I'm trying to think what I consider embarrassing not to have read - I guess it depends on what I consider my field to be. I'll have to think about this a bit more and see if I can come up with anything, as my brain is too tired to think about such heady things as this.

And this is a further thought, from the comments:
"Wonderful question, and if you also asked which is the book one is most embarrassed to to have read, boom, you could read a person's character through the answers to those two questions."

And also, this article from Slate, which starts with:

In his novel Changing Places, David Lodge describes a literary parlor game called "Humiliations" in which participants confess, one by one, titles of books they've never read. The genius of the game is that each player gains a point for each fellow player who's read the book—in other words, the more accomplished the reader, the lower his or her score. Lodge's winner is an American professor who, in a rousing display of one-downmanship, finally announces that he's never read Hamlet.

I think I would like to play this game, especially after a couple glasses of wine.

Monday, December 13, 2004

I just wrote someone off...

I just decided not to respond to someone and I'm not sure how I feel about it. There's someone who's been interested in the cohousing group for several years, but has stayed at the sidelines instead of becoming a member. I think she's gone to a few meetings, but she hasn't for at least a year. Despite her lack of contact with the group, she's made several decisions about the group's priorities and has decided that we aren't interested in making the project work for her needs.

And, really, from her perspective, she's probably right. What she requires in terms of affordability is really drastic - she's a single individual who is looking for something way below the median price of even a small condo. Unless the group finds a really good funding source that is willing to subsidize to that degree, there's virtually no way we could accomodate her needs. Perhaps if we created subsidized 300 sq. ft. studio apartments in the project we might be able to make it work - but if we do that, is there really a demand for it?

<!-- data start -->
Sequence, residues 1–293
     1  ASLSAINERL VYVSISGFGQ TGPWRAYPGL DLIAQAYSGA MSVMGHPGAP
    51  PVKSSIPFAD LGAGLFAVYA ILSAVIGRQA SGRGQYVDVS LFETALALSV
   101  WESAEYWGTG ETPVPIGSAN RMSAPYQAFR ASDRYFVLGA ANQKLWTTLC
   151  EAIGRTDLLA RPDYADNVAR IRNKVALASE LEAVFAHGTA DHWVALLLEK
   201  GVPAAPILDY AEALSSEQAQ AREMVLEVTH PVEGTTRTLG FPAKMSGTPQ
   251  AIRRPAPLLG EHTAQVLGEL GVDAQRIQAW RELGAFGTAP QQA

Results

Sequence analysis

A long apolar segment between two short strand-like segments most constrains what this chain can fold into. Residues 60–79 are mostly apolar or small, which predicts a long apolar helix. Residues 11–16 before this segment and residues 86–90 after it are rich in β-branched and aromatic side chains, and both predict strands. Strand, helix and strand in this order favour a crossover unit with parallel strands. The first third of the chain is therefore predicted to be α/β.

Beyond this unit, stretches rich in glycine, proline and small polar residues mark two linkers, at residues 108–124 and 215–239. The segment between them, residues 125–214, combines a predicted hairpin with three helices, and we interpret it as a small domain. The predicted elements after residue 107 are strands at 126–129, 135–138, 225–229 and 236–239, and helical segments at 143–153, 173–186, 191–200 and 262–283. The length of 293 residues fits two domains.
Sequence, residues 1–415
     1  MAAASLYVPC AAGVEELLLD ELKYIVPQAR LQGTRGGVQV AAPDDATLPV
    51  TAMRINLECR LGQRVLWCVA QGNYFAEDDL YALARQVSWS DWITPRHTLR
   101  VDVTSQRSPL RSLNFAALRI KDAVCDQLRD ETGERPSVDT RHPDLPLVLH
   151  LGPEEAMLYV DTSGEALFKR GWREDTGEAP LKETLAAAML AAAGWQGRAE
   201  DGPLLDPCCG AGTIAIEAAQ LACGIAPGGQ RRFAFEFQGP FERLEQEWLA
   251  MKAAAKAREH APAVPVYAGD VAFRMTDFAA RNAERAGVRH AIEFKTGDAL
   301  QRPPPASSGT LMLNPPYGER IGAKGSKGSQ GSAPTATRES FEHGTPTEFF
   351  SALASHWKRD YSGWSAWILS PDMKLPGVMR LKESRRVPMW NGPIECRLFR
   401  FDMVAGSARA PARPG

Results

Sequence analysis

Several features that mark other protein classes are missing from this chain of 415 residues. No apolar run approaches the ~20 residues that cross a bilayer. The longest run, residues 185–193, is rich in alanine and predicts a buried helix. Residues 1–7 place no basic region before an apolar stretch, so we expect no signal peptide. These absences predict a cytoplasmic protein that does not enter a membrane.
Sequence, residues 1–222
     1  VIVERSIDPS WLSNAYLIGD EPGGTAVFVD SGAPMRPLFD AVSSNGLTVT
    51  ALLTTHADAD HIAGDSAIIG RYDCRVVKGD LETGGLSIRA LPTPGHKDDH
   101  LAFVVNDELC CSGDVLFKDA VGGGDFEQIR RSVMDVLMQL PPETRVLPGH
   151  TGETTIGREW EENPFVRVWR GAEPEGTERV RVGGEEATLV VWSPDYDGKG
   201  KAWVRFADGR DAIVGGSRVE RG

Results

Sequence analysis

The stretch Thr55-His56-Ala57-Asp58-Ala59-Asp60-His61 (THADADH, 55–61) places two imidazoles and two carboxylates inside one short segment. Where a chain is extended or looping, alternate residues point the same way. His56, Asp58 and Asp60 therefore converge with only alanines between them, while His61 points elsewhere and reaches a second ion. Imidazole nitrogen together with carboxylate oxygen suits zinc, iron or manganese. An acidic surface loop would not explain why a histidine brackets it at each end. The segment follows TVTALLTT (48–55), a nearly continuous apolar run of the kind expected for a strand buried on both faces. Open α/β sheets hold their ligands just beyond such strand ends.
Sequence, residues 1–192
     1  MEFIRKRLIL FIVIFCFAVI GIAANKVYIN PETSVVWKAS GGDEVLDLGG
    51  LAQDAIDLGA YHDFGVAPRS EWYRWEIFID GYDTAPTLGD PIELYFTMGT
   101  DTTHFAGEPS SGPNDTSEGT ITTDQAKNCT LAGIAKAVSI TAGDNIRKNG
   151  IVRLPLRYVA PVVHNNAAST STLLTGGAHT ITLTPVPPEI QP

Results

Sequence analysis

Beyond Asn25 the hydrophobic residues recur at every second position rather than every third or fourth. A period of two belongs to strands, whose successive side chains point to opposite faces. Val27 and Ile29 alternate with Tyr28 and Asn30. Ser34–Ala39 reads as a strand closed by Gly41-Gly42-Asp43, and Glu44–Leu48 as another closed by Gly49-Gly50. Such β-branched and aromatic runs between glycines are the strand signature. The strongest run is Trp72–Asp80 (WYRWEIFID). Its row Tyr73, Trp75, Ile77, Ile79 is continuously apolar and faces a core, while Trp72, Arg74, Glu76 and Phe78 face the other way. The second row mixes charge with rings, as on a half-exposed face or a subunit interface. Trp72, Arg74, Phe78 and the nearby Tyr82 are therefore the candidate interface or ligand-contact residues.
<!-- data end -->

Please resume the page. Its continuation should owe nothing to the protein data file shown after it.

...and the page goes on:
We've had a few people here and there who might not need more than that, but there's two big issues at play. First, are they willing to live in a space that small, even if it does mean they get to live in new construction and a cohousing community? Also, are they willing to join so they can have a voice in the process and speak for their needs? I am deeply concerned about a person who says "I will not join unless I know I will get what I want, without even specifically defining what it is I want or participating in the development process to figure out what I want". Joining isn't a signed oath in blood -- it is a commitment to a process that hopes to develop a project that will work for everyone involved in the development process. Should a group really be developing their project for people who are unwilling to join unless they know they will have their way? What does that do for future decisions, and the give and take required to live together peacefully using a consensus based model?

If you develop cohousing for people who are unwilling to be part of the development process, what happens if you get towards the end and those same people aren't interested in stepping up to the plate and joining? I'm sure that they'll be able to find something that they can be unhappy with in the project - afterall, we're only trying to build something that works for everyone, not absolute perfection for every individual (not that this is even possible!). I also feel like some of the people who are unwilling to join show a strong lack trust in the consensus process - they seem to assume that they will not be listened to, and that their voice doesn't matter. I don't know if it is an excuse, allowing them to never have to refine their own goals, or put themselves out there into the public sphere, or if it is just simply fear that they are unable to conquer.

So about this person who wrote to me... I had answered one of her emails, and when her second contained even more vague mischaracterizations of our group than the first, I decided not to answer. I decided she wasn't worth the time it would take to answer her email (yet somehow this post is worth the time?) as it didn't seem like I could ever say enough that she would believe me, and because she doesn't seem like someone who would ever put her money and self on the line and actually join a group. So that's the decision I made, and I'm still not sure how I feel about it... I think this is perhaps an example of when the values of cohousing conflict with the economic reality of cohousing.